IP 50
Protected against dust. Limited ingress (no harmful deposit).

IP 64
Totally protected against dust. Protected against water sprayed from all directions. Limited ingress permitted.

IP 65
Totally protected against dust. Protected against low pressure jets of water from all directions. Limited ingress permitted.

IP 66
Totally protected against dust. Protected against strong jets of water. Limited ingress permitted.

Line Driver
A circuit that provides error-free output pulses in electrically noisy environments or over long transmission lines when used with a line receiver.

Negative Going Pulse
When activated, the pulse goes low (logic 0) or in a negative direction. Do not be confused by negative going, meaning the pulse goes negative in relationship to the signal common or reference level. These statements are for positive logic only. All shaft encoders are based on positive logic.

NEMA 4
Enclosure rating intended for indoor or outdoor use primarily to provide a degree of protection against windblown dust and rain, splashing water, and hose directed water; undamaged by the formation of ice on the enclosure.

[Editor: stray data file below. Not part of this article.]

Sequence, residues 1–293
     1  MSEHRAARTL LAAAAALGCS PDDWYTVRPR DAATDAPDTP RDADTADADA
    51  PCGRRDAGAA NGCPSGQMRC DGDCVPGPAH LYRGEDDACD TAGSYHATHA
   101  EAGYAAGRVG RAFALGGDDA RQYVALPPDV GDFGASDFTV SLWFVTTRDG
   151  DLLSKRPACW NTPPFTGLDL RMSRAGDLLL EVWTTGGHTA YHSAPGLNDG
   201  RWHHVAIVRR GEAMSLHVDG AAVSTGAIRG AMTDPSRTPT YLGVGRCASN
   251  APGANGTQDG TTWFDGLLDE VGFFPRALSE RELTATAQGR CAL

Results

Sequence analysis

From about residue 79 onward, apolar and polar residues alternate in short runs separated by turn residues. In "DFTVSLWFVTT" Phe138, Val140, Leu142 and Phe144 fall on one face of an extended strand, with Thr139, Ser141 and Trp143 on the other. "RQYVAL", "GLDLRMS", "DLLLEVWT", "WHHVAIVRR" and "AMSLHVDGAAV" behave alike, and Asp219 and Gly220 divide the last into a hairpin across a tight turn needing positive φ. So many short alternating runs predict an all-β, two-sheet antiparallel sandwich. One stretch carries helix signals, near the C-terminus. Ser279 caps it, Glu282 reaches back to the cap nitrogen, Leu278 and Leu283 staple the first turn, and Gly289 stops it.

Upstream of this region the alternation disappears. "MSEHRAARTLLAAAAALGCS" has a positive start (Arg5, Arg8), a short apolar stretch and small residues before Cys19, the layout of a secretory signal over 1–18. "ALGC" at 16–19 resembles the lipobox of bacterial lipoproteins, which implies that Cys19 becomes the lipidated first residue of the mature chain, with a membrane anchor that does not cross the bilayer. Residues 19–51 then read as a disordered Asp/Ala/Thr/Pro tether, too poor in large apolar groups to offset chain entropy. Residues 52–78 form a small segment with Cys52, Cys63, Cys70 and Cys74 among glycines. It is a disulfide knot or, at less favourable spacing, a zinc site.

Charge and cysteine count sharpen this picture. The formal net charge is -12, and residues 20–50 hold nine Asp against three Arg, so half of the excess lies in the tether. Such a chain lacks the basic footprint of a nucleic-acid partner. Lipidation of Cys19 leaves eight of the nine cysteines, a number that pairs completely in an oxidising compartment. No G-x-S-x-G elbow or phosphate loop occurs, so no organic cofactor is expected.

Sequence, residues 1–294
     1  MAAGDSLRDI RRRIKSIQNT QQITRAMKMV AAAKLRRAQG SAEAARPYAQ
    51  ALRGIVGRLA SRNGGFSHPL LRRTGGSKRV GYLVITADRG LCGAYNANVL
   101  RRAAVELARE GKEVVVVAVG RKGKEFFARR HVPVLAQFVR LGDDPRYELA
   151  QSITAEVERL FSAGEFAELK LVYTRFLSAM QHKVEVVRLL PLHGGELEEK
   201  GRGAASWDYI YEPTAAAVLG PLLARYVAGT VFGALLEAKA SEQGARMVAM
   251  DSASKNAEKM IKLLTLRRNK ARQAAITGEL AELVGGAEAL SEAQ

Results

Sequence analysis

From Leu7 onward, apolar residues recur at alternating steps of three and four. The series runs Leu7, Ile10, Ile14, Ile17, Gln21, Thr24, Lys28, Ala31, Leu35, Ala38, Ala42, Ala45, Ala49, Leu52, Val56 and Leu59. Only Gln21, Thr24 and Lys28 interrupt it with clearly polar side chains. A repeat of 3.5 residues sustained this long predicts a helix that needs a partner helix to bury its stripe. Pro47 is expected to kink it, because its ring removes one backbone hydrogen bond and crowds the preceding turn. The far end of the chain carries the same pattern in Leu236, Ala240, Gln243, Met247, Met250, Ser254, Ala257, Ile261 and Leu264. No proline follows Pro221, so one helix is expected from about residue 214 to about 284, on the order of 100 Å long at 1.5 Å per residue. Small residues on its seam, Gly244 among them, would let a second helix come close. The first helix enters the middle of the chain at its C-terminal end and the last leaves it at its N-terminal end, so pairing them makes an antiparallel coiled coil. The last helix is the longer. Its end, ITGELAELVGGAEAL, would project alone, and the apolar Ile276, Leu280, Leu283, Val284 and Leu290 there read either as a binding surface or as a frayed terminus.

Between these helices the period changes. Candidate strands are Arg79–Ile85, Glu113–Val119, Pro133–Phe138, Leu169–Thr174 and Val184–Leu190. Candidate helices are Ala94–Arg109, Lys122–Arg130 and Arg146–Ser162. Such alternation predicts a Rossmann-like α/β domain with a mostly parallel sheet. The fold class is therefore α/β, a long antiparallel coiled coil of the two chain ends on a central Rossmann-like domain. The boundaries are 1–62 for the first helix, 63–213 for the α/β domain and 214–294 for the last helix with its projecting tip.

NEMA 13
Enclosures are intended for indoor use primarily to provide a degree of protection against dust, spraying of water, oil and noncorrosive coolants.

Open Collector
When the signal is taken directly off the collector element of the output transistor, no pull-up is used. This is the electronic equivalent of a mechanical switch closure to common. The input device of the PLC or counter is effectively placed in a series circuit that includes the output transistor and input device, which is often an optosolator and the positive voltage supply. When the output transistor turns on, the circuit is completed and current will flow. The output signal can not be observed unless the circuit is completed externally.

Positive Going Pulse
In the low or logic 0 state, it is in the quiescent state. It goes high or logic 1 when activated. This is a transition in the positive going direction.

Pulse Polarity
Either positive going or negative going. A pulse has two logic states: activated or inactivated. These two states are opposite. When the pulse is in its quiescent state (high or low), it is at one particular logic level (1 or 0). When the pulse hits or is in the activated state, this logic level reverses itself for the duration of the pulse.

Pulse Width